The Northwest Native Cultural Center proposed for Seattle Center would connect modern Seattle more closely with its namesake and his people, writes guest columnist Roger Fernandes.
RECENTLY, a group of Native and non-Native community members submitted a proposal for a Northwest Native Cultural Center (NNCC) at Seattle Center. The revitalization of the Fun Forest site is part of the Century 21 Master Plan meant to serve our city for generations to come. Seattle Center administrators asked us to respond to many questions about our proposal, which we did. Now we have a few questions of our own.
Our initiative is one of several under consideration: You probably have read about high-profile plans for a Chihuly museum, and a new home for public radio station KEXP. Supporters of those and other proposals have made convincing arguments. On behalf of the people of Seattle, we ask: Will the decision for what belongs at the Seattle Center be based on merit or on money?
The NNCC initiative perfectly suits the mission of the Seattle Center and its master plan. It will be a permanent venue in the city center dedicated to the history and living culture of our region’s first people — a place for all the Coast Salish tribes and groups, as well as urban Indians, to tell their own stories through dynamic displays, programs and performing arts. Admission to the exhibitions will be free.
In addition, the NNCC will expand the green space at Seattle Center with a cedar grove and interpretive garden, where Native experts can demonstrate the uses of indigenous plants for food, medicine, basketry, tools and shelter.
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Seattle Center is situated on the ancestral land of the Duwamish people and was once a tribal gathering place. More than a century ago, the Native population was driven from Seattle, some at gunpoint, and their homes and villages burned. They were cast from their own land and sent to live at nearby reservations like Muckleshoot, Tulalip and Suquamish. They no longer had a home in Seattle, the place where their history was lived for countless generations and their revered ancestors are buried.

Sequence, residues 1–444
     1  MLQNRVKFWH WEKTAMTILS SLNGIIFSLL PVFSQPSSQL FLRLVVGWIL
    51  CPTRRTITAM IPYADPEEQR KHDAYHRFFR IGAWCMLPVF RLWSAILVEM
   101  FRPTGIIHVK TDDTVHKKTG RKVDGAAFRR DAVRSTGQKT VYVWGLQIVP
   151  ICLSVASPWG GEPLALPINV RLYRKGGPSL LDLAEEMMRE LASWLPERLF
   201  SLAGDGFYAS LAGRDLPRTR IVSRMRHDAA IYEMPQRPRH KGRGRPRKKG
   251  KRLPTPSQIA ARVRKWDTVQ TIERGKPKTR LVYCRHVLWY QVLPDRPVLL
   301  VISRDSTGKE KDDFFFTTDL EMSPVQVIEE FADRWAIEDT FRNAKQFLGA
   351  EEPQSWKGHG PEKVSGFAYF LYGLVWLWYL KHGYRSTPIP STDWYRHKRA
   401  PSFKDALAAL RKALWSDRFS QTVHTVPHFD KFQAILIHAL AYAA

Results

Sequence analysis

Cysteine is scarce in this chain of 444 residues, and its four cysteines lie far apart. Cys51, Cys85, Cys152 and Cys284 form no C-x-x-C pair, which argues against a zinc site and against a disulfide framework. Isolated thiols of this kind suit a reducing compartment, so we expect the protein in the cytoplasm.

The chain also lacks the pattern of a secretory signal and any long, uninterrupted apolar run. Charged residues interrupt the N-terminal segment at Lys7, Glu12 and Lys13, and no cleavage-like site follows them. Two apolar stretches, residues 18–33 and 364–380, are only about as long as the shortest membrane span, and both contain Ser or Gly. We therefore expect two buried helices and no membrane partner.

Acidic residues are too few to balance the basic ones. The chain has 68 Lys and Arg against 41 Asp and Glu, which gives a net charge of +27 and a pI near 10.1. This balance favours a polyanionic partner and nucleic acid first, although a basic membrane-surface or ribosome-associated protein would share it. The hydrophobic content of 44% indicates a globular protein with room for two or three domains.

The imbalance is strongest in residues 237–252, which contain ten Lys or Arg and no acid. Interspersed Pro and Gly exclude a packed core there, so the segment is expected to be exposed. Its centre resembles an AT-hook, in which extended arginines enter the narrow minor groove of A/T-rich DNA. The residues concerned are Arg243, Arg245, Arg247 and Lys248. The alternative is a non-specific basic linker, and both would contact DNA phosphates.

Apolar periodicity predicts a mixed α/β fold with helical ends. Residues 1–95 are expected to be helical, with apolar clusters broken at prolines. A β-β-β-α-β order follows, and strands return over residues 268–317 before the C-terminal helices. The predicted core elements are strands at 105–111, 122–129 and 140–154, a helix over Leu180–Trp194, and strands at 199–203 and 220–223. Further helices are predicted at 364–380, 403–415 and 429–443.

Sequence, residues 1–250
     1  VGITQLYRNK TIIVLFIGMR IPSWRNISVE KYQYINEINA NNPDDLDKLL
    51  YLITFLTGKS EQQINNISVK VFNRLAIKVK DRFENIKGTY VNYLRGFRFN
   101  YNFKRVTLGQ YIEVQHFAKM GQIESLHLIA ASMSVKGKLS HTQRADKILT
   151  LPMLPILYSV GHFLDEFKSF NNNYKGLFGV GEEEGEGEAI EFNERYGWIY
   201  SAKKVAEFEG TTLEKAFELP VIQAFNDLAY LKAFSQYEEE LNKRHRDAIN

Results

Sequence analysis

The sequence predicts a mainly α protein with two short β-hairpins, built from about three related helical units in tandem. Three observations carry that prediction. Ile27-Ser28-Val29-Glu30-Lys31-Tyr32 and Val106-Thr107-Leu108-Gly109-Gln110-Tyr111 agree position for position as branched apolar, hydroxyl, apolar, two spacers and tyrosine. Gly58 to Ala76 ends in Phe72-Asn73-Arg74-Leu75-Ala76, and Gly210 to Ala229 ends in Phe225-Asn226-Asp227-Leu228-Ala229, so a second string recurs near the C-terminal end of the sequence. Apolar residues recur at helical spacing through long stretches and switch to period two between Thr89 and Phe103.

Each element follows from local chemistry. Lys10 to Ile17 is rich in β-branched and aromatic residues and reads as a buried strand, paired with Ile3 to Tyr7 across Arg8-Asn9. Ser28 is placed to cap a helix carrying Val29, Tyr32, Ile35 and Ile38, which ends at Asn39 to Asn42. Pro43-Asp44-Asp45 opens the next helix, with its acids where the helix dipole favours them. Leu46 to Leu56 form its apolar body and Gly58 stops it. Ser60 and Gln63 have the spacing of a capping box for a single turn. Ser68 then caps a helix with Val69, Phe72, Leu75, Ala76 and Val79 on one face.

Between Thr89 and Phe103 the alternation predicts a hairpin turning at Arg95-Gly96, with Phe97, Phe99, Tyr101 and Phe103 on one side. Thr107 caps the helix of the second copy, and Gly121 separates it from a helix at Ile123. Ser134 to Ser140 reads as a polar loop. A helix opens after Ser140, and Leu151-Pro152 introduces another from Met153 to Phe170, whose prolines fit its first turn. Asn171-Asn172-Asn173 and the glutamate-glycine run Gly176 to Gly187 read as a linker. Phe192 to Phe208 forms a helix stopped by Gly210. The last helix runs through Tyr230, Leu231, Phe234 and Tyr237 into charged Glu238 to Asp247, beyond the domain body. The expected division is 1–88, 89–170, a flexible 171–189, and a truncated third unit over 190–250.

Seattle is the largest metropolis in the country named for an Indian leader. Yet ironically, this city’s identity remains disconnected from the long history of its namesake and his people. Now, we have the chance to right that wrong, but time is running out. How can we seize this historic opportunity at Seattle Center?
The local indigenous cultures are alive and active. The NNCC will give children and adults a place to observe and interact with Native artists and carvers, basket makers and weavers, storytellers and dancers. The interpretive exhibitions will share how the Coast Salish people created a culture in harmony with the unique environment of the Puget Sound.
The NNCC will not benefit any one person, group, tribe or organization, but exist for the good of all. It will serve as a central resource center, directing visitors to other fine Native exhibitions and institutions in the region, such as Daybreak Star, the Duwamish Longhouse, the Suquamish Museum, a proposed Canoe Center at South Lake Union and the University of Washington’s soon-to-be-built House of Knowledge.
Already committed to help design the new facility is nationally recognized Native American architect Johnpaul Jones, who helped create the Smithsonian’s National Museum of the American Indian in Washington, D.C. He and United Indians of All Tribes Foundation founder Bernie Whitebear had once hoped to build a cultural center in the downtown area. Jones joined our effort to help rejuvenate that decades-old dream.
We hope that Seattle and Puget Sound’s non-Native and Native residents will support our plan to bring this free, authentic, dynamic and educational venue to the Seattle Center. After all, our lives and histories are thoroughly intertwined. Only through true collaboration can we honor our shared past and civic future.
Roger Fernandes is a member of the Lower Elwha Klallam Nation, a Native artist, storyteller and educator.